Their finding is drawn from patients in the previously reported Canadian MRC CR07/NCIC CTG C016 trial. In that study, men and women with operable rectal cancer had a three-year local recurrence rate of 4.4% if they had short-course preoperative radiotherapy, compared to 10.6% if they had surgery first.
A secondary aim of the trial was to examine disease-related symptoms and adverse effects of treatment, to try to balance the advantages against any negative impact on quality of life.
In a June 28 online report in the Journal of Clinical Oncology, Lindsay C. Thompson of the Medical Research Council in London, U.K., and colleagues note that 1,208 patients in the trial (89% of the total cohort) completed the Medical Outcomes Study Short-Form 36-item (MOS SF-36) and the European Organization for Research and Treatment of Cancer Quality of Life Questionnaire Colorectal 38-item (EORTC QLQ-CR38) questionnaires.
There was a significant increase in male sexual dysfunction following surgery (p < 0.001) no matter the treatment arm. Starting at six months, however, men who had preoperative radiation therapy reported significantly greater dysfunction (p = 0.004), with the difference maintained for at least two years.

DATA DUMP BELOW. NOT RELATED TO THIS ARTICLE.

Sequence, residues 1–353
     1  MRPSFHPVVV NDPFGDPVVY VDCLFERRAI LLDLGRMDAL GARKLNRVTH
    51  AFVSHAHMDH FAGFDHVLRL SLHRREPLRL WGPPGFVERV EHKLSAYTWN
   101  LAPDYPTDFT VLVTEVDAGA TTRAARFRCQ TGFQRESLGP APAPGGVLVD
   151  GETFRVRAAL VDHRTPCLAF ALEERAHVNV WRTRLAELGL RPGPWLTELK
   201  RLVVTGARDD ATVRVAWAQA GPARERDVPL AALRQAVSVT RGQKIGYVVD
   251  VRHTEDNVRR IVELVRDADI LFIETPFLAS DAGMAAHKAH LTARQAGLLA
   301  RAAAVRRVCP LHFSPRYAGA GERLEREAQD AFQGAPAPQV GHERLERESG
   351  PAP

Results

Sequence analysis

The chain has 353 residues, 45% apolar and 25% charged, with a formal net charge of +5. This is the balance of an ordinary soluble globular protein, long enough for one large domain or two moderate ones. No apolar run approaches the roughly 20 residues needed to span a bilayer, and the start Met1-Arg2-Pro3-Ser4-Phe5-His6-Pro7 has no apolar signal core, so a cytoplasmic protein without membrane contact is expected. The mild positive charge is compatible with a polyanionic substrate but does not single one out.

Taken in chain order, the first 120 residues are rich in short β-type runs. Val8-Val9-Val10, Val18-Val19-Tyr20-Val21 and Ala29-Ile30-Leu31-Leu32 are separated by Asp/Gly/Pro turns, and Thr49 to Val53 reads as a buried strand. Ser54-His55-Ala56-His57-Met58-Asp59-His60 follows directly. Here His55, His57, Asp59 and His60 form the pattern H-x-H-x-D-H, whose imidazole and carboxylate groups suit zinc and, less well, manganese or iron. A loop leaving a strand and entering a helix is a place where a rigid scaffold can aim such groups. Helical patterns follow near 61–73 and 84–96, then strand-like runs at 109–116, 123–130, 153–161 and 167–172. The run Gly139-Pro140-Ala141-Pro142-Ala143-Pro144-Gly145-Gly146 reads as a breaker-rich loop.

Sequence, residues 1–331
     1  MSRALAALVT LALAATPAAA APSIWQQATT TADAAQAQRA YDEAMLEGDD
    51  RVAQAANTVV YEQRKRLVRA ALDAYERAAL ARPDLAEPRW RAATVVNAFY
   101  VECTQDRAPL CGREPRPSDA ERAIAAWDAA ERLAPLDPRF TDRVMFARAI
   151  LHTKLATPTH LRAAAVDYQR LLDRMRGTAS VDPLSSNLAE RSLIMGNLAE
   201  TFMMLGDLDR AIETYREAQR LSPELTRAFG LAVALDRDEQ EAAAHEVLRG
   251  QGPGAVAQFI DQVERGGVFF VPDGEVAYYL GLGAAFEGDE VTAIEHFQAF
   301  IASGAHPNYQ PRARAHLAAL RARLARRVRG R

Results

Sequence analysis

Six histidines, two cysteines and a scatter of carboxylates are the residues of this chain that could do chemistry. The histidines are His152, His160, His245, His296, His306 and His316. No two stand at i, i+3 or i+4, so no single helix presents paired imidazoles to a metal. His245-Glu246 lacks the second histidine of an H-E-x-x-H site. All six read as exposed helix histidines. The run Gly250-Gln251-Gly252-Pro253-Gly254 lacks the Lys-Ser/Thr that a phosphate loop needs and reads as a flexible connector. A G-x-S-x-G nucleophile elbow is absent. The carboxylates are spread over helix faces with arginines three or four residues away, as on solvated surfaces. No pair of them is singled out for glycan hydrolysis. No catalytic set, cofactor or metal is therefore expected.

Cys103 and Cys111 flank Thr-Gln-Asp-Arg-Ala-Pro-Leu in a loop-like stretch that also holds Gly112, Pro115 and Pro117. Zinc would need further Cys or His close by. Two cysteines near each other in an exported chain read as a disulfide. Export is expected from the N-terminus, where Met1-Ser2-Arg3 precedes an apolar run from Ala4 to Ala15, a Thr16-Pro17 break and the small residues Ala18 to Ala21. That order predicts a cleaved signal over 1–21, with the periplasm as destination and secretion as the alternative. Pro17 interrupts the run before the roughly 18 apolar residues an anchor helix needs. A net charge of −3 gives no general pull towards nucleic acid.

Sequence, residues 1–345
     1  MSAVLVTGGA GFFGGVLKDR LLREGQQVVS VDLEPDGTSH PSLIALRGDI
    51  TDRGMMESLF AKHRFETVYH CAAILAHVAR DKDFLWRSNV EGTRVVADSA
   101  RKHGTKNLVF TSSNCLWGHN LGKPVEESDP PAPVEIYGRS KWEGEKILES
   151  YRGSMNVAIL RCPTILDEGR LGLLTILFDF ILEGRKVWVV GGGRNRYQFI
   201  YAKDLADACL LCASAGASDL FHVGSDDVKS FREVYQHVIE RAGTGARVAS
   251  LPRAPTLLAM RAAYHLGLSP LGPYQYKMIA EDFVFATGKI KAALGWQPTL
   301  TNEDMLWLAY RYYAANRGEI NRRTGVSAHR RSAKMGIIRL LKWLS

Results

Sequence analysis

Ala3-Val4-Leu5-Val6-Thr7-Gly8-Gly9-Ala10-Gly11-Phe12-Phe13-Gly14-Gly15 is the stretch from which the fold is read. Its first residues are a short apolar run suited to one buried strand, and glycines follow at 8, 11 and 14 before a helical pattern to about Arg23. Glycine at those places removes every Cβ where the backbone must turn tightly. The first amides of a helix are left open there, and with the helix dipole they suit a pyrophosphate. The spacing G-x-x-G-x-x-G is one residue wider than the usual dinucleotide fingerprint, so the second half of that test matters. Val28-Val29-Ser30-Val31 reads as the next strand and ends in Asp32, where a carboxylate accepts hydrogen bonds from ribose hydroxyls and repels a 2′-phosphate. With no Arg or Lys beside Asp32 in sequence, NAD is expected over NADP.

Very few women completed the sexual dysfunction questions, and so the researchers could not draw any firm conclusions about sexual dysfunction for that gender.
Patients in both treatment arms had similar decreases in physical function at three months. After that point, physical function returned to baseline in both groups. Treatment assignment seemed to have no major effect on general health or bowel function, but in an exploratory analysis more pre-op radiation patients had fecal incontinence at two years (53.2% versus 37.3%; p = 0.007).
The researchers hope their findings will help clinicians balance the benefits of preoperative radiation with its "detrimental toxicity" in their discussions with patients. They emphasize that preoperative radiation yielded fewer recurrences and that any modification of treatment shouldn't risk an increase.
"The challenges for the future are to further improve surgical techniques and to reliably identify low-risk patients who do not need preoperative radiotherapy," they conclude.
J Clin Oncol 2010.
Last Updated: 2010-07-22 13:01:09 -0400 (Reuters Health)
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